UK-based clothing brand Weird Fish has ramped up its eco transparency by introducing environmental impact metrics to some of the products displayed on its website.
The metrics, which are attached to the organic cotton range to inform consumers about the environmental benefits of choosing organic over standard materials, are produced in partnership with eco transparency company Green Story.
Now the new information has been added to product descriptions, customers can see how much has been saved in car emissions, drinking water, lightbulb energy and land pesticide usage as a result of a product being switched from regular to organic cotton.
For example, Weird Fish has included information on one product, saying: “Did you know that buying a certified organic cotton T-shirt saves a huge 2,457 litres of water over your regular, not so good for the planet, cotton T-shirt?
“That is enough for one person to drink their recommended eight glasses of water a day for three and a half years! That stat makes us thirsty for more knowledge.”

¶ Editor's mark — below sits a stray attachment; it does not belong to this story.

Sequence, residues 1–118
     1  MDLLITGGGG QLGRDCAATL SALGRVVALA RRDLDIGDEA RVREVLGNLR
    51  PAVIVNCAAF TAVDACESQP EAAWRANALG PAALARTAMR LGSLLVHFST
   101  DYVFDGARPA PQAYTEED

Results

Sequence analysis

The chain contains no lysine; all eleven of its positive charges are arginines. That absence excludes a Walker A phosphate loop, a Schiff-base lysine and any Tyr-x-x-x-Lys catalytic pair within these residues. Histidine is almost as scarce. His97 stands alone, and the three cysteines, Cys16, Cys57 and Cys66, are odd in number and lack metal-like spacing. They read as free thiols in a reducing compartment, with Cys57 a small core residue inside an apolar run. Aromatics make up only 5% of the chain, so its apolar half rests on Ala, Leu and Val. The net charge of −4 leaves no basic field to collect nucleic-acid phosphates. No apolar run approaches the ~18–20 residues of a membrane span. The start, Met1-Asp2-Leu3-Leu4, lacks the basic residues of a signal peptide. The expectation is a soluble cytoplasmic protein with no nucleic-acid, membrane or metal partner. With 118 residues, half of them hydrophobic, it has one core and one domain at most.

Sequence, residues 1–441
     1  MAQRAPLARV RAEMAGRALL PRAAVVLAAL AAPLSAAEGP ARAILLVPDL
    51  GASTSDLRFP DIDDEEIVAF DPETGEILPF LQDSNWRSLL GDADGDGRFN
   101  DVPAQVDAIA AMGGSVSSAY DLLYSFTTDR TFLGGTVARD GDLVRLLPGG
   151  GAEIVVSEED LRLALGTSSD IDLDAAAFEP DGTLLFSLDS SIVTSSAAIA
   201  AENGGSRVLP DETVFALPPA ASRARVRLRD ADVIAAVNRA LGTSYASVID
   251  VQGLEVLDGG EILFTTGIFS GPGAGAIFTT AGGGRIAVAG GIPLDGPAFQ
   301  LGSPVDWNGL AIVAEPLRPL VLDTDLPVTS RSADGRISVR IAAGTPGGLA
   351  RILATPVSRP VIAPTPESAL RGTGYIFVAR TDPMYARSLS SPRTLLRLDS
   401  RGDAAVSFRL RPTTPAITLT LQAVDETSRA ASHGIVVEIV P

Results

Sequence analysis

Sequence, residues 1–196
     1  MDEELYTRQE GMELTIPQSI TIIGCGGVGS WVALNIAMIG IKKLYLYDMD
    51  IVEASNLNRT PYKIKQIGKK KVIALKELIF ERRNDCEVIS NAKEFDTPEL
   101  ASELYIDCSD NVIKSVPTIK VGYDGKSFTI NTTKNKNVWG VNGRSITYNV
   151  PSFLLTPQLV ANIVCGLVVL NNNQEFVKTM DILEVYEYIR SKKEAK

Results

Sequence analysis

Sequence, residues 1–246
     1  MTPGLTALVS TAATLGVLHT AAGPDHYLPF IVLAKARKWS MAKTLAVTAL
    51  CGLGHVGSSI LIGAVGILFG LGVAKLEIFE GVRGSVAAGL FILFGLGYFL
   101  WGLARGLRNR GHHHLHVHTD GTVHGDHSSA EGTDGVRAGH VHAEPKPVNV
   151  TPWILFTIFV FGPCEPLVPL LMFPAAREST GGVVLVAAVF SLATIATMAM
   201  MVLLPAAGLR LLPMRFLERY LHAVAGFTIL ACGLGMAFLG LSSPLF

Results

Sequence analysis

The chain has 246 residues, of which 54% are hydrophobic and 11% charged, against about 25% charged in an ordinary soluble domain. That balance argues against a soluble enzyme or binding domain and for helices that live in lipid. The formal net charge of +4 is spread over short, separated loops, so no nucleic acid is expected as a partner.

John Stockton, managing director at Weird Fish, said the metrics are there “to help inspire greener shopping habits and get more people on board with our more sustainable ranges”.
He added: “We’ve always been honest with customers about not being an 100% sustainable brand – instead, we highlight our initiatives to help us reach realistic targets each year. For instance, we’re working towards making 55% of our ranges more sustainable by the end of 2021 and by 2026, our target is to increase that figure to 90%.”
Green Story calculated the metrics following a detailed lifecycle assessment of Weird Fish’s organic cotton products, according to the retailer. The company analysed the volume of greenhouse gas emissions, primary energy demand and blue water consumption being saved through Weird Fish’s production chain.
And the Green Story platform will also help the retailer identify how it can make additional positive changes within its supply chain, according to Stockton.
Read more about eco transparency on Green Retail World
[Image credit: Weird Fish]